Antarctic glaciers melt at an accelerated pace over the last four decades as a result of the influx of warm ocean water – an impressive new conclusion that, according to researchers, could mean that the sea level could grow faster than expected in the coming decades.
Antarctica lost 40 billion tons of ice melting to the ocean every year from 1979 to 1989. This figure has grown to 252 billion tonnes a year, starting in 2009, according to a study published on Monday in the National Academy of Sciences. This means that the region loses six times as much ice as it was four decades ago, an unprecedented pace in the era of modern measurement. (For production of one millimeter of world-class sea level about 360 billion tons of ice is needed).
"I do not want to be a suspect," said Eric Ringot, a Earth systems scientist from the University of California at Irvine and NASA. But he said that the weak points that the researchers found in East Antarctica, where the largest ice sheet on the planet lives, deserve a more in-depth study.
"The places where the changes in Antarctica are taking place are not limited to a few places," said Ryno. "They seem broader than we thought. This, in my opinion, is a cause for concern."
The results are the latest sign that the world can face catastrophic consequences if climate change continues. In addition to more frequent droughts, heat waves, severe storms and other extreme weather conditions that could come from a constantly warming Earth, scientists have already predicted that the moors can rise by almost three meters on a global scale by 2100 if the world does not drastically decrease carbon emissions. But in recent years there is growing concern that Antarctica can push it even further.
Such an increase in the sea level could lead to the flooding of island communities around the world, the devastation of wildlife and the threat of drinking water supply. The global sea level has already risen by 7 to 8 inches since 1900.
Antarctica ice contains 57.2 meters of potential sea level rise. This massive body of ice flows into the ocean through a complex array of partially immersed glaciers and thick floating ice spaces, which are called ice shelves. Both the glaciers themselves and the glacier shelves may be as large as large US states or entire countries.
The outer flow of ice is normal and natural, and it is usually compensated for about two trillions of tons of snowfall in Antarctica each year, a process that itself would leave the Earth's level relatively unchanged. However, if the speed of the ice flow is accelerated, the loss of the glacial cover may exceed the amount of snowfall. When this happens, the seas are rising.
This is what the new study says. The researchers came to this conclusion after systematically calculating profits and losses in 65 separate sectors of Antarctica, where large glaciers – or glaciers flowing into the ice shelf – reach the sea.
Western Antarctica – the main leaders of the continent. A study on Monday confirms these findings, detailing how one glacier, Pine Island, has lost more than a trillion tons of ice since 1979. Glacier Tweets, the largest and potentially most vulnerable in the region, has lost another 634 billion. The entire Antarctic West Ancient Ice Shield is capable of raising the sea level by 5.28 meters, or 17.32 feet, and now loses 159 billion tons annually.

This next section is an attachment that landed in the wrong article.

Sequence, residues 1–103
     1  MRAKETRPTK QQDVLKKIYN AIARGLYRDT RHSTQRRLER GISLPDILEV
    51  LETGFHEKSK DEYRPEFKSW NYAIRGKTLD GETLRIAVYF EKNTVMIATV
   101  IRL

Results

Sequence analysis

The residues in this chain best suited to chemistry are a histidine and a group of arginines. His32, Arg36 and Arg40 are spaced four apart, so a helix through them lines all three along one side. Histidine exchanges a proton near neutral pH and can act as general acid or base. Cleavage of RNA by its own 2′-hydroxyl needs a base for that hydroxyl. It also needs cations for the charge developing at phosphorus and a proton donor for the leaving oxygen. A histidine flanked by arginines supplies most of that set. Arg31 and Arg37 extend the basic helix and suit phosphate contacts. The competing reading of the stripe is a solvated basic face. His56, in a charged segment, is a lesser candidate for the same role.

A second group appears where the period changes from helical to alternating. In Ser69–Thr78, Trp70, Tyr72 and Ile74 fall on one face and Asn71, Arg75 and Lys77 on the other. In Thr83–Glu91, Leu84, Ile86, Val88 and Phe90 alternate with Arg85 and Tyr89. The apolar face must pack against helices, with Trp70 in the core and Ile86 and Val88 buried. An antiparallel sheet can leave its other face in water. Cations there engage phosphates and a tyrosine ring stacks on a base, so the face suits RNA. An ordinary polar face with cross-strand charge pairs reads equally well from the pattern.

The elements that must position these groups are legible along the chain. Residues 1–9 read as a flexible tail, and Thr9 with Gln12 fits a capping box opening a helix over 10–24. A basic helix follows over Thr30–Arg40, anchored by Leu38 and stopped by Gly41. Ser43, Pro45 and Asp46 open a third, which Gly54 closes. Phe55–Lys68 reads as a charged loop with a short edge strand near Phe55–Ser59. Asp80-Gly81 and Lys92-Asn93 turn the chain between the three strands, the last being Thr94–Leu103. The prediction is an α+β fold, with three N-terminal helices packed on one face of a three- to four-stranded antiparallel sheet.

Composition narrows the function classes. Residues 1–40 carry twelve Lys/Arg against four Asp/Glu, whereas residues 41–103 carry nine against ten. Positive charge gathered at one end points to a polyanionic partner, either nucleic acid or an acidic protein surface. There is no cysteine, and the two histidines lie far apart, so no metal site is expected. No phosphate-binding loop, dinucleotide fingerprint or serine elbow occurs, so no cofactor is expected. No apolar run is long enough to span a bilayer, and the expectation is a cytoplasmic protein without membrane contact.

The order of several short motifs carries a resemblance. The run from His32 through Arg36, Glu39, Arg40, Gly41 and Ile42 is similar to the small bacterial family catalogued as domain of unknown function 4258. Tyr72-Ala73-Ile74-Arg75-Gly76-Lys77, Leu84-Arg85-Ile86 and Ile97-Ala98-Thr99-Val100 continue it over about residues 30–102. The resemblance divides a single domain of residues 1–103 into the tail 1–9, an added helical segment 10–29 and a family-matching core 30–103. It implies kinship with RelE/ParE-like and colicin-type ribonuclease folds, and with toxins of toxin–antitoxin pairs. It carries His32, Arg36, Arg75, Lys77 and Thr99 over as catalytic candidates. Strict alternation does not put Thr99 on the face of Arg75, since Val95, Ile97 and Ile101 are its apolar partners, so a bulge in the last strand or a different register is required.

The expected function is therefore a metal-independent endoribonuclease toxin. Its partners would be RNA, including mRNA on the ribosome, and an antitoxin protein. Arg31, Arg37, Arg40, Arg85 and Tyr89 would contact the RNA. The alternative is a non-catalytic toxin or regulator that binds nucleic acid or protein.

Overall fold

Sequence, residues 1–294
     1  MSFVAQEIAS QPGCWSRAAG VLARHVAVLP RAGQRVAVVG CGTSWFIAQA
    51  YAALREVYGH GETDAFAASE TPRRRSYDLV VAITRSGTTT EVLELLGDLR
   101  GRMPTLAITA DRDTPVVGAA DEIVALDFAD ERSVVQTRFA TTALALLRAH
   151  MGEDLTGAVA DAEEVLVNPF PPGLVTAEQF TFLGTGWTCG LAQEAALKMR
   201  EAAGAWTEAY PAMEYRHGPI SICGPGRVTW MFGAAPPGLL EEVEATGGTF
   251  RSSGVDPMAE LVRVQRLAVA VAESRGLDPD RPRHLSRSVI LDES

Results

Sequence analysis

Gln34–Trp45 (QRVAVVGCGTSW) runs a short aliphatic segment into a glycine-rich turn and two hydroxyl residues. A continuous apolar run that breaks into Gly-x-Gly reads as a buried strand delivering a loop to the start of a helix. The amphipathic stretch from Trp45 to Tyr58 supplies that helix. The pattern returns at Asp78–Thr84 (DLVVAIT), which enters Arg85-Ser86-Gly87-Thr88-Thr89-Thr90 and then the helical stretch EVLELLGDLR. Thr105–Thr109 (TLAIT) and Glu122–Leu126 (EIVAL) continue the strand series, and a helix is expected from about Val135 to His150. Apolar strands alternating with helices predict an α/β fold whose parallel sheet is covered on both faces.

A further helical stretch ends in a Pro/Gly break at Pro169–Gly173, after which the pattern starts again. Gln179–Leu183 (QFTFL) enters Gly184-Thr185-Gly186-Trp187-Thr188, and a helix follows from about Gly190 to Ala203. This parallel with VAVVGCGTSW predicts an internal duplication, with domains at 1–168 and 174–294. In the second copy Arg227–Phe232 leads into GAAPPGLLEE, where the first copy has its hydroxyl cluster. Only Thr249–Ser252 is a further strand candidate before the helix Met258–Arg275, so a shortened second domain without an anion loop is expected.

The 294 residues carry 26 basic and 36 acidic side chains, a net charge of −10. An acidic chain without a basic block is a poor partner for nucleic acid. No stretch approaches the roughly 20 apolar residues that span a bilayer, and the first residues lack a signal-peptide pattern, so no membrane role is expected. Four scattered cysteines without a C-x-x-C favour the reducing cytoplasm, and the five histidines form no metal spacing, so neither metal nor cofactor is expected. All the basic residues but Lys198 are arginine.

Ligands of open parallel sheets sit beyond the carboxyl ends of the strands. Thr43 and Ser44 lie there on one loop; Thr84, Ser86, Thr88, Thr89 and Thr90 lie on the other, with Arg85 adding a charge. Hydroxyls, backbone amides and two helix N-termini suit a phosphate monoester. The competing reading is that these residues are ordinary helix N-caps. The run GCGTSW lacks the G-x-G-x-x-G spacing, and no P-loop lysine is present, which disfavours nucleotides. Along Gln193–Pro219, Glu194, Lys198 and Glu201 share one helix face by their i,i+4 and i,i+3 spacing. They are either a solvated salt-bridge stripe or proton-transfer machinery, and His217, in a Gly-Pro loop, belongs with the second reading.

The most striking result of the study on Monday is the statement that East Antarctica, which contains the largest amount of ice on the continent – a huge leaf that can increase the potential sea level by almost 170 feet – also experiences serious melting.
A new study shows how some of the massive glaciers that have been studied so far are relatively small, actually losing a significant amount of ice. This includes Cook and Ninnis, which are the gateway to the massive Wilkes Ice Cream Basin and other glaciers known as Dibble, Frost, Holmes and Denman.
Denman, for example, has almost 5 feet of potential sea level rise and lost nearly 200 billion tons of ice. And she remains anxiously vulnerable. The study notes that the glacier is "grounded on a ridge with a steep retrograde slope directly above the current", which means that additional losses can lead to a quick retreat of the glacier.
"It is known that Western Antarctica and the Antarctic Peninsula are losing mass, but finding that massive mass losses are also occurring in East Antarctica is very important as there is such a large equivalent of sea level in these basins. , – said Christine Dow, a glacier expert at Waterloo University in Canada. "It shows that we can not ignore the Eastern Antarctic and need to focus on those areas that are rapidly losing weight, especially those with backward slopes that can lead to a rapid breakdown of ice and rising sea levels."
The new study is in some way consistent with the large study published last year by a group of 80 scientists who found that the loss of Antarctic ice has tripled over decades and now stands at 219 billion tonnes annually. This study did not find such large losses from East Antarctica, although it was noted that there is a great deal of uncertainty as to what is happening there.
"We still need to work to align these new estimates," said Beata Xato, an Antarctic expert at the University of Buffalo, who was the author of the previous study.
The bottom line is that Antarctica loses a lot of ice and that there are vulnerable areas throughout the East and West of Antarctica, but with slight signs of slowing down, since the oceans are only warmer. In particular, according to Rino, key parts of East Antarctica, which was the subject of less attention from researchers in the past, require a much closer look and quick.
"Traditional thought from many decades because nothing is happening in Eastern Antarctica," said Rinuo, adding: "It's a bit like the one you want for the real thing."